1 Jul 2014

When my son wailed 'I'm a failure!" and it spoke so much wisdom...

The routine was usual enough. Parents and caregivers stood around the school gate area waiting for the boys in blue and white to appear, noise first. As my son walked down the slope towards me, I noticed his expression of concern-unhappiness.

"Hi son!"
"Mom, I failed my Chinese! I AM A FAILURE!"

Needless to say, I promptly corrected his thinking. 'You failed your Chinese son. That is not the same as you are a failure....". But soon enough, God would have to remind me of the same.

We don't speak much of failures. But none of us get through life without failing some. 

There are even times when we feel like we are failures, living as we do in a world of successes. 
Today, a woman shares how a poor payment decision led to a huge mess and her losing her job. A few weeks back, a fellow mom watched her son step out of the house and she collapsed in grief.

A few months ago as I was reflecting on my own failings, and found that although it was one specific area of my life, somehow, a fog descended and because it wasn't a situation I could reverse, the failure seem to cling to my soul and began to eat its way inwards. That was when I heard:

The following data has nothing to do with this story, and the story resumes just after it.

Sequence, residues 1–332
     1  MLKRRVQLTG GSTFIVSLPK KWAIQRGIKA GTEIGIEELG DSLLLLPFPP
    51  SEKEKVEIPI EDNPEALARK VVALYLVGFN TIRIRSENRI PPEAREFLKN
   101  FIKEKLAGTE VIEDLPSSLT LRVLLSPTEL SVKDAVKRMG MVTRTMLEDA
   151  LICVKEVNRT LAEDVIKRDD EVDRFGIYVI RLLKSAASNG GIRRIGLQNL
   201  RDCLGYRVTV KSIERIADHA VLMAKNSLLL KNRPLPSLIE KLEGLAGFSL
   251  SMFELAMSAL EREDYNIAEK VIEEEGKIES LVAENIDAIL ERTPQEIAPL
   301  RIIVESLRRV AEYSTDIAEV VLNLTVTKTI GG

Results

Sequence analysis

... don't let one failing bleed into all your parts ...

God was warning me not to let a failure mark me. I was hurt, disappointed and bleeding in one spot. But if I wasn't careful, that bleed can begin to soak back in and cause me to malfunction.

When I finally met my fellow mom, she talked of how she was drained and struggling, but later got up out of bed to continue to care for the rest of her family. To her surprise, setting her heart on what she could do; she found strength again. She was even able to listen to and felt the pain of another.

Failing is hard for us who have lived a few decades. After all, we think: we are suppose to get better at this thing called 'life'. But sometimes, new things come and it's just hard. Parenting for example is a long journey of new things round every bend. If there is something that humbles us, parenting has to be it. So expecting ourselves to be able to hack life better seriously increases the burden we already carry. We need to allow ourselves to fail.

In fact, I posed this Q to a group of mature executives recently, "did any of you experience recently a surprise that you were not able to do something, or found something challenging?".  Everyone said 'yes'. I laughed out loud and we chimed, "life-long learning!!".

It does take us a life-time to learn about our own lives: why we hurt the way we do, how we heal best, what ways we can still function and even reach out when we feel cut down or diminished. This is the most important learning there is; and alas, it takes failure in the mix to learn it.

We are not a scroll recording accolades and success. We are more a a pot on a wheel going round, experiencing some harsh pressures and pinches as we take shape.

And here, dear friends, are some wonderful shapes that emerge ~

This particular pottery form holds such sweet meaning ~

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